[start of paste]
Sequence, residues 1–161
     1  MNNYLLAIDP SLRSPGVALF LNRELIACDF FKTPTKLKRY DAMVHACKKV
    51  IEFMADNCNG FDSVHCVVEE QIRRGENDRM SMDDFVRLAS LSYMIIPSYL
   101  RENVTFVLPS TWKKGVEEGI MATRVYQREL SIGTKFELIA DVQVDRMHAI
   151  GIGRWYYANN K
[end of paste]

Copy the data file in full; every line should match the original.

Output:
Sequence, residues 1–161
     1  MNNYLLAIDP SLRSPGVALF LNRELIACDF FKTPTKLKRY DAMVHACKKV
    51  IEFMADNCNG FDSVHCVVEE QIRRGENDRM SMDDFVRLAS LSYMIIPSYL
   101  RENVTFVLPS TWKKGVEEGI MATRVYQREL SIGTKFELIA DVQVDRMHAI
   151  GIGRWYYANN K